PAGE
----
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US Q2 GDP Estimate Slips Further, But Still Set For Strong Gain

Summary:
Tomorrow’s release of second-quarter US economic data from the government is expected to show output grew at a stronger rate over Q1’s robust gain, based on a set of nowcasts. In line with recent updates, however, today’s estimate reflects another downside revision relative to previous Q2 nowcasts. US gross domestic product is projected to increase 7.9% (real annual rate) for the April-through-June period, according to the median nowcast for several estimates compiled by CapitalSpectator.com. That’s still comfortably above Q1’s strong 6.4% gain, reported by the Bureau of Economic Analysis. Today’s update also marks another downside revision relative to the previous estimate. Earlier this month, the median Q2 nowcast was moderately higher at 8.8%. Despite the downgrade, a

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Tomorrow’s release of second-quarter US economic data from the government is expected to show output grew at a stronger rate over Q1’s robust gain, based on a set of nowcasts. In line with recent updates, however, today’s estimate reflects another downside revision relative to previous Q2 nowcasts.

US gross domestic product is projected to increase 7.9% (real annual rate) for the April-through-June period, according to the median nowcast for several estimates compiled by CapitalSpectator.com. That’s still comfortably above Q1’s strong 6.4% gain, reported by the Bureau of Economic Analysis.

US Q2 GDP Estimate Slips Further, But Still Set For Strong Gain

Today’s update also marks another downside revision relative to the previous estimate. Earlier this month, the median Q2 nowcast was moderately higher at 8.8%.

Despite the downgrade, a 7.9% nowcast still reflects a strong gain for US growth and will probably mark the high point for the current expansion. Note, too, that today’s Q2 estimate points to another solid improvement in quarterly output over the previous period. Although the median nowcast has been revised down in recent months, today’s upbeat outlook at this late date suggests that it’s a reasonably accurate guesstimate for tomorrow’s report (due for release at 8:30 eastern on Thursday, July 29).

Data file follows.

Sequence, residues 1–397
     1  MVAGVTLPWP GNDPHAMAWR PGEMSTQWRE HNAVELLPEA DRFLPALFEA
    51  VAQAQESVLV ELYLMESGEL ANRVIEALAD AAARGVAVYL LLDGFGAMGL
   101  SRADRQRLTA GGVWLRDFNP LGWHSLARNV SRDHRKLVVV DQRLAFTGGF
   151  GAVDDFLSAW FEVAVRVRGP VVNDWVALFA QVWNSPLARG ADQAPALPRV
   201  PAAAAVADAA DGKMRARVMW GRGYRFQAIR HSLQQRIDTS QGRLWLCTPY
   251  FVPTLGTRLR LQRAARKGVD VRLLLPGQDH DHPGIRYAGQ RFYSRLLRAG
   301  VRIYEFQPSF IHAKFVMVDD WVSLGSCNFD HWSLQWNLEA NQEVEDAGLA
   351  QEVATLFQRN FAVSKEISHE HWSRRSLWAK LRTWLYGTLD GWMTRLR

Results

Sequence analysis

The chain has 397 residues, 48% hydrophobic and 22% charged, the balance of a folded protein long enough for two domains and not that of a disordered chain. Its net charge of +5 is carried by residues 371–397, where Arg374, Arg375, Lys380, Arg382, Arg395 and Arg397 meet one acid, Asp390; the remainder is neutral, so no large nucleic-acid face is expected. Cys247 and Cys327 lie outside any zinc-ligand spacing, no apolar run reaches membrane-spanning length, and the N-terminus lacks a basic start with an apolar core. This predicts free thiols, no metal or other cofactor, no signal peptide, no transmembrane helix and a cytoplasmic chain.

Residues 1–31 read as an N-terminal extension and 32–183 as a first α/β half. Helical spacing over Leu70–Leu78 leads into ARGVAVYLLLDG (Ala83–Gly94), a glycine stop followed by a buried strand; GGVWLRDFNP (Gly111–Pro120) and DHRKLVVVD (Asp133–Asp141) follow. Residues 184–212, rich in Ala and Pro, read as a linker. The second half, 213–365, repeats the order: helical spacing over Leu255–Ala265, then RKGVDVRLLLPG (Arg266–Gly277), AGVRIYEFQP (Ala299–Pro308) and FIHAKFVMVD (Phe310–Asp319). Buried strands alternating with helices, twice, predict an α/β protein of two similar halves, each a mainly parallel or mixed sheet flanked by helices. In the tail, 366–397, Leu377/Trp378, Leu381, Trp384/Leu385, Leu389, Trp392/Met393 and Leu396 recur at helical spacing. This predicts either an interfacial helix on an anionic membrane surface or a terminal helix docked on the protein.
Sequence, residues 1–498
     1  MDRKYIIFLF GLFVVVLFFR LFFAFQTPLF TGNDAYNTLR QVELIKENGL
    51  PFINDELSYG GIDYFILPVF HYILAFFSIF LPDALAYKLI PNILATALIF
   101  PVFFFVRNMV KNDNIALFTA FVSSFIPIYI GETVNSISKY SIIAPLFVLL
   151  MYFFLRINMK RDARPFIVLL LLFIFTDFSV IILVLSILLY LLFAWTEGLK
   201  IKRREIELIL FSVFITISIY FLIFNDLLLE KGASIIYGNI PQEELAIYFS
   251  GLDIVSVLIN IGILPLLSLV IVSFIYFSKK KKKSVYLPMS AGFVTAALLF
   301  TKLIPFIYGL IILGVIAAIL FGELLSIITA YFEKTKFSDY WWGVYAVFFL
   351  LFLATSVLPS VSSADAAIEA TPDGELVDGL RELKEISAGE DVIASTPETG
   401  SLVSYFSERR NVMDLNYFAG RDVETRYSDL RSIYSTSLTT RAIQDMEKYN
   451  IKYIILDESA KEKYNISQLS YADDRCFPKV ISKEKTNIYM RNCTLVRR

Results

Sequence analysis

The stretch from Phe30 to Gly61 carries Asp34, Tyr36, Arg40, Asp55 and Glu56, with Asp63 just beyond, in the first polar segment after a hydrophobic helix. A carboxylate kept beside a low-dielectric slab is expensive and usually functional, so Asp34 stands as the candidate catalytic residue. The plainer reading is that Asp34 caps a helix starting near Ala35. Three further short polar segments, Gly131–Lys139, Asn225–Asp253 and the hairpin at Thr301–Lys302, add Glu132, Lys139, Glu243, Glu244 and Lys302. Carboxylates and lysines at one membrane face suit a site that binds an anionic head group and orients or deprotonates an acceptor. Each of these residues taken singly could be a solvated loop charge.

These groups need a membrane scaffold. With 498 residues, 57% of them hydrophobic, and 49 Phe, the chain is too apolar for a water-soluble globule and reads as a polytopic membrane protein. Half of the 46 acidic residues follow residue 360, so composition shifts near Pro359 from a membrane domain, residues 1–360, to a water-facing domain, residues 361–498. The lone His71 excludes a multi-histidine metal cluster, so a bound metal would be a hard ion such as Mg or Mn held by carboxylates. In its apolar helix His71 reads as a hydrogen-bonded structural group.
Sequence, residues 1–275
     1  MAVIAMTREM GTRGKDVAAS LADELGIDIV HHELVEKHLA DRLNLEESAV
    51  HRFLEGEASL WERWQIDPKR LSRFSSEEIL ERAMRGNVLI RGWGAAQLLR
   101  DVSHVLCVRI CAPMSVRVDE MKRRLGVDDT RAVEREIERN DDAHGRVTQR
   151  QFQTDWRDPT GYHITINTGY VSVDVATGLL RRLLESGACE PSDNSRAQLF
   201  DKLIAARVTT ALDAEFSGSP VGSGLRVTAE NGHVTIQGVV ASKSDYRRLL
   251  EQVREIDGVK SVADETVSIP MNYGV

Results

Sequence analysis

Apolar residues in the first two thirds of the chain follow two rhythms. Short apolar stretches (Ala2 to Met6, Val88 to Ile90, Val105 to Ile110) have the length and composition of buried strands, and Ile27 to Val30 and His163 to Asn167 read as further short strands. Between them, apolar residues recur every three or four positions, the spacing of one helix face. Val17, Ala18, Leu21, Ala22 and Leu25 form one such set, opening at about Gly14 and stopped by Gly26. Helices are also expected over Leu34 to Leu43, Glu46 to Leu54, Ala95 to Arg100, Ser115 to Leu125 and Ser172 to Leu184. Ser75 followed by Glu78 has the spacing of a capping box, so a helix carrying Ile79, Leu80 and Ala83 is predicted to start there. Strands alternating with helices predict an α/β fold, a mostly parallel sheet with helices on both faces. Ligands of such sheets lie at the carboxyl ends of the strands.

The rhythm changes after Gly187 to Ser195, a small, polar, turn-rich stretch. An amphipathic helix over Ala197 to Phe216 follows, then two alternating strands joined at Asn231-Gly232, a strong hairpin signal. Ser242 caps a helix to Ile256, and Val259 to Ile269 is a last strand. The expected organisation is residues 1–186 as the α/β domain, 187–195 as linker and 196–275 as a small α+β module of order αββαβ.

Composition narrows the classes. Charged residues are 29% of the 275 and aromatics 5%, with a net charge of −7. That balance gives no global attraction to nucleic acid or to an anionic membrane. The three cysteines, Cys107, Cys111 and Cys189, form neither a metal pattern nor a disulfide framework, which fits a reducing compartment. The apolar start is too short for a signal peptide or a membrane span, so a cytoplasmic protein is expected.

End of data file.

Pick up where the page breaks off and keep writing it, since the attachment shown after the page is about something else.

A key factor in the recent reduction in Q2 estimates: softer growth in the services sector, which is the main economic input for US economic activity. Manufacturing, by contrast, remains stronger, although this slice of the economy has a substantially softer influence for GDP data.

Last week’s release of July PMI survey data reflects a “softer expansion of business activity” linked to “a slower upturn in new business across the service sector,” reports IHS Markit. “The pace of growth was the least marked for five months, as some firms noted customer hesitancy amid significant hikes in selling prices.”

As a result, the US Composite Output Index (a survey-based GDP proxy) fell to a four-month low in July, although the current print remains close to the strongest reading in the index’s 14-year history.

US Q2 GDP Estimate Slips Further, But Still Set For Strong Gain

Looking beyond Q2 data suggests that the main risk factors for the economy are hotter inflation and the spread of the spread of the Delta variant of the coronavirus. Nonetheless, some analysts remain cautiously optimistic for the rest of 2021.

Mark Zandi, chief economist at Moody’s Analytics, is forecasting a “very strong second half of the year.” He expects GDP will increase at a roughly 6% annualized rate, moderately below the median 7.9% nowcast for tomorrow’s Q2 data. Higher inflation that turns out to be more persistent than expected (which could force the Fed to raise interest rates) and the Delta variant could upend Zandi’s optimistic outlook. For now, the risk of serious trouble still appears low, he told The New Yorker earlier this week.

Goldman Sachs, however, is hedging its macro bets by trimming its second-half economic forecast, citing softer consumer spending and higher variant risk. “The services categories where spending remains depressed are generally either associated with high virus risk, such as live entertainment events, or connected to office-based work, such as ground transportation or dry cleaners,” Ronnie Walker, an economist at the investment bank, wrote on Monday.


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James Picerno
James Picerno is a financial journalist who has been writing about finance and investment theory for more than twenty years. He writes for trade magazines read by financial professionals and financial advisers. Over the years, he’s written for the Wall Street Journal, Barron’s, Bloomberg Markets, Mutual Funds, Modern Maturity, Investment Advisor, Reuters, and his popular finance blog, The CapitalSpectator.

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